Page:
One particular embodiment of this technique called orthogonal keying of order M, or “M-ary Orthogonal Keying” (MOK), one signal among a set of orthogonal signals is associated with each digital symbol to be transmitted. These signals may be spreading sequences in the same family of orthogonal sequences; in this case, the modulation also does the spreading. But these signals may also be not perfectly orthogonal.
If a symbol is composed of m bits, there are 2·sup·m possible configurations for the different symbols. Therefore the number M of available sequences must be equal to at least 2·sup·m. If the length of these sequences is N, it is known that not more than N orthogonal sequences can be found. Therefore, we have M=N and the number of bits per symbol is limited to log2N.
There is a variant to the MOK technique called “M-ary Bi-orthogonal Keying” (MBOK) that consists of adding opposite values to the set of orthogonal signals used in a MOK modulation, to form a set of 2M signals, which are obviously no longer all orthogonal to each other. Demodulation uses other M correlators adapted to each of the M orthogonal sequences but also necessitates means of retrieving the sign.
In French patent application No. 99 08308, Jun. 29, 1999, the Applicant of this patent described and claimed a variant called multi-MOK or M-MOK for short. In this variant, the number of MOK modulation/demodulation operations is multiplied to deal with several data blocks. Naturally, this increases the number of sequences, but it also (very significantly) increases the information throughput.
Finally, in his application No. 99 09947, Jul. 30, 1999, this Applicant described and claimed a process using repetitive sets of spreading sequences. In this technique, designed to reduce risks of interference between symbols, successive symbols are processed with different pseudo-random sequences, so that the received signals can be better discriminated on reception. The number of different successive sequences is limited to a fixed number S. After S sequences, previously used sequences are reused. In other words, packets of S symbols are processed by repetitive sets of S sequences. The result is that the time interval after which the same pseudo-random sequence is found again is S·Ts, if Ts is the duration of a symbol. In terms of throughput, this means that for given spreading, the allowable throughput is S times higher than in prior art.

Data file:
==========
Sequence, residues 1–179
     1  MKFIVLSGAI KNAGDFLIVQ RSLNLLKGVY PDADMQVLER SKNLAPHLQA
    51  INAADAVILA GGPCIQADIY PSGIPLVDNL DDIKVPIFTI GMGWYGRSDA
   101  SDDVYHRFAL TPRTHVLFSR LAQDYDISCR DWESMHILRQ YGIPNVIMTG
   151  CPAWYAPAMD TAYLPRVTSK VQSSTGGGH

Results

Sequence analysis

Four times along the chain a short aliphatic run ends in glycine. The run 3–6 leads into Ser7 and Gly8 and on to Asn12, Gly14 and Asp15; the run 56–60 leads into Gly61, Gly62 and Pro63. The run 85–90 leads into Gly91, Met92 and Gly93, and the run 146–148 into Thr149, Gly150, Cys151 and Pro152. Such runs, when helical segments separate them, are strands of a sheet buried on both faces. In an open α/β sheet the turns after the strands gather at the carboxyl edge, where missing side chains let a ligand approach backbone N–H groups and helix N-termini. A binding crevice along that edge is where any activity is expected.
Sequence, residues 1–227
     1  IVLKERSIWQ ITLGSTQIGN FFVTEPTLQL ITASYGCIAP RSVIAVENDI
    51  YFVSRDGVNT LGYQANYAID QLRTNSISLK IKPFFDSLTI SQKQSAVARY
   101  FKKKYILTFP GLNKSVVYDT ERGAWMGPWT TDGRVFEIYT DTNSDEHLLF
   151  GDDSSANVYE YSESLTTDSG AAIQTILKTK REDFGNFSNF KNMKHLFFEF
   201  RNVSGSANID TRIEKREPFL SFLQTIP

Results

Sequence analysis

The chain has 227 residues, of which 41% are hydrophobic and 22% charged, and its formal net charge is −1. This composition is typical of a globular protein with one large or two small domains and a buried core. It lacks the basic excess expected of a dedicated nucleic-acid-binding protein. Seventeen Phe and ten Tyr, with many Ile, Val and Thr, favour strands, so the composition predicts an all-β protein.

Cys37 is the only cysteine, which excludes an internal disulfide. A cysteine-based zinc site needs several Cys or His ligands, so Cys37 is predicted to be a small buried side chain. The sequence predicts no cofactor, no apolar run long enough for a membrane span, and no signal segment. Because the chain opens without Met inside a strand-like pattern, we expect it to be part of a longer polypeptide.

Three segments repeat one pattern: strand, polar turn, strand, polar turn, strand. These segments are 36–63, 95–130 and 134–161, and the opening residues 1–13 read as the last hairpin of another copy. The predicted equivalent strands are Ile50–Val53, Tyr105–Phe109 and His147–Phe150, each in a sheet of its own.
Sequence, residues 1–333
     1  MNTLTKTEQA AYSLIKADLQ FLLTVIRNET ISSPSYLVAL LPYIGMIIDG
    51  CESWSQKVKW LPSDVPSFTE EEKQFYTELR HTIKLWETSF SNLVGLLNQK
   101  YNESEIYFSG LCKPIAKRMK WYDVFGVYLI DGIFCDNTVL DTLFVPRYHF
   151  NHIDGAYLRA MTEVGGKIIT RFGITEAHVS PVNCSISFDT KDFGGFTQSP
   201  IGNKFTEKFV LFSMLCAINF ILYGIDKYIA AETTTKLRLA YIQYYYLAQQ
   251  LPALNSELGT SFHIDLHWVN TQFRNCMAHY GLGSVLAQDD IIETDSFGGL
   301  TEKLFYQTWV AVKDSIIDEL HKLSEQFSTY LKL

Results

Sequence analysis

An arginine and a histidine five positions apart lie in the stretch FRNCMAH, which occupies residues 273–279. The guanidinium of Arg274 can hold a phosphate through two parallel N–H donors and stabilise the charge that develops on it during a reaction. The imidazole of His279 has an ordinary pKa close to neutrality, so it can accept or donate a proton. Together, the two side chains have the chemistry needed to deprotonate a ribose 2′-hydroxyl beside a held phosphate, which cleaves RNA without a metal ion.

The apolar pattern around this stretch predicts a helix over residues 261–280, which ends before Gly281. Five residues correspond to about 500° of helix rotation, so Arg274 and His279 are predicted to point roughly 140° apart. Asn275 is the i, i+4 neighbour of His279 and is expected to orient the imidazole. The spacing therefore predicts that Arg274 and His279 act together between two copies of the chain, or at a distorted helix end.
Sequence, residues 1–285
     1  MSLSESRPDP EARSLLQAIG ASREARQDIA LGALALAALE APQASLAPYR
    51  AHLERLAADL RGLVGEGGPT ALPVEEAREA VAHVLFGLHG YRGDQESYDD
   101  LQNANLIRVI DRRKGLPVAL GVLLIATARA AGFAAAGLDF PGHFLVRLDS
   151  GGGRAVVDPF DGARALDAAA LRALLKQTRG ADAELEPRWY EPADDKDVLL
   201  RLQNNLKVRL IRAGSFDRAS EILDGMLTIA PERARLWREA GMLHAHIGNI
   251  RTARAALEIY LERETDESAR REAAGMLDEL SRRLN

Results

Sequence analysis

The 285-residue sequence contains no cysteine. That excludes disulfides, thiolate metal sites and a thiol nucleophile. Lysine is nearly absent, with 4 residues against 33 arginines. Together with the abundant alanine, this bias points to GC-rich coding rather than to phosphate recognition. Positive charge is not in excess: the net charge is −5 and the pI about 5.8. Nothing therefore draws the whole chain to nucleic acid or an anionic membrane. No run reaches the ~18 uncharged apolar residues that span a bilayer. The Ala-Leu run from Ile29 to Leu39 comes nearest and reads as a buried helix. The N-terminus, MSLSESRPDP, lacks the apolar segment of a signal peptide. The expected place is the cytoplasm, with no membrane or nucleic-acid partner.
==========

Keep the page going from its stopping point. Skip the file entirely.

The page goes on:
This process, that consists of processing packets of S symbols by repetitive sets of S pseudo-random sequences, can be improved by processing L packets of S symbols in parallel, with L sets of S different sequences giving a total of LS sequences.
In the last mentioned patent application, sets of sequences are obtained by reading a table (reference 50 in the application) containing LS pseudo-random sequences denoted Cij, and this is done by addressing this table with L addresses in parallel and the L required set of sequences are retrieved on L outputs in parallel. The remaining step is to spread the symbols Sij using the corresponding sequences Cij.
The purpose of this invention is to improve this generator of sets of spreading sequences.
According to the invention, the address formed is no longer composed only of q bits of symbols to be processed (as is the case in the MOK technique in which the q bits address one of the 2q sequences), but it also includes additional bits corresponding to the S sequences. Log2S additional bits are necessary to address S different sequences, and therefore the address must include a total of q+log2S bits.